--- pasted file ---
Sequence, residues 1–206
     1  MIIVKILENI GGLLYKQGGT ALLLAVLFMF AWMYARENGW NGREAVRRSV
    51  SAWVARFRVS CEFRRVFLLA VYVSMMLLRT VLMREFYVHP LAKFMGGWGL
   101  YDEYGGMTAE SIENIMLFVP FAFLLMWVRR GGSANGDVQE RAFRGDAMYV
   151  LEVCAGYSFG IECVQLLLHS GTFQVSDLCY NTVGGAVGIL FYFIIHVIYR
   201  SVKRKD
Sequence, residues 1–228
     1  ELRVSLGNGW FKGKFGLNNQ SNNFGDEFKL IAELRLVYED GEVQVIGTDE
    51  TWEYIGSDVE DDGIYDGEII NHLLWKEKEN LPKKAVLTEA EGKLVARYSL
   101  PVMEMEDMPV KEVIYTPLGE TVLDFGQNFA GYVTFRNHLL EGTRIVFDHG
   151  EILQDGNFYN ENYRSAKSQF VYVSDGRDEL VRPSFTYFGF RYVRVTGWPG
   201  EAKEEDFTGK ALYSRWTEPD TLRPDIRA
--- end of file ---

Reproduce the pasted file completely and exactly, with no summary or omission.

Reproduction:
Sequence, residues 1–206
     1  MIIVKILENI GGLLYKQGGT ALLLAVLFMF AWMYARENGW NGREAVRRSV
    51  SAWVARFRVS CEFRRVFLLA VYVSMMLLRT VLMREFYVHP LAKFMGGWGL
   101  YDEYGGMTAE SIENIMLFVP FAFLLMWVRR GGSANGDVQE RAFRGDAMYV
   151  LEVCAGYSFG IECVQLLLHS GTFQVSDLCY NTVGGAVGIL FYFIIHVIYR
   201  SVKRKD
Sequence, residues 1–228
     1  ELRVSLGNGW FKGKFGLNNQ SNNFGDEFKL IAELRLVYED GEVQVIGTDE
    51  TWEYIGSDVE DDGIYDGEII NHLLWKEKEN LPKKAVLTEA EGKLVARYSL
   101  PVMEMEDMPV KEVIYTPLGE TVLDFGQNFA GYVTFRNHLL EGTRIVFDHG
   151  EILQDGNFYN ENYRSAKSQF VYVSDGRDEL VRPSFTYFGF RYVRVTGWPG
   201  EAKEEDFTGK ALYSRWTEPD TLRPDIRA